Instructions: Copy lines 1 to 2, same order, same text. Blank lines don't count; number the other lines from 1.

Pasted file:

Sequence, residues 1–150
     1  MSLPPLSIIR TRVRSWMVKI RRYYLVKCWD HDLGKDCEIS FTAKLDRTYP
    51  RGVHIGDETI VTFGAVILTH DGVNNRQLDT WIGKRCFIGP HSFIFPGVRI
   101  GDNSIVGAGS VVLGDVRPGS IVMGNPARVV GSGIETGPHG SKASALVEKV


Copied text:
Sequence, residues 1–150
     1  MSLPPLSIIR TRVRSWMVKI RRYYLVKCWD HDLGKDCEIS FTAKLDRTYP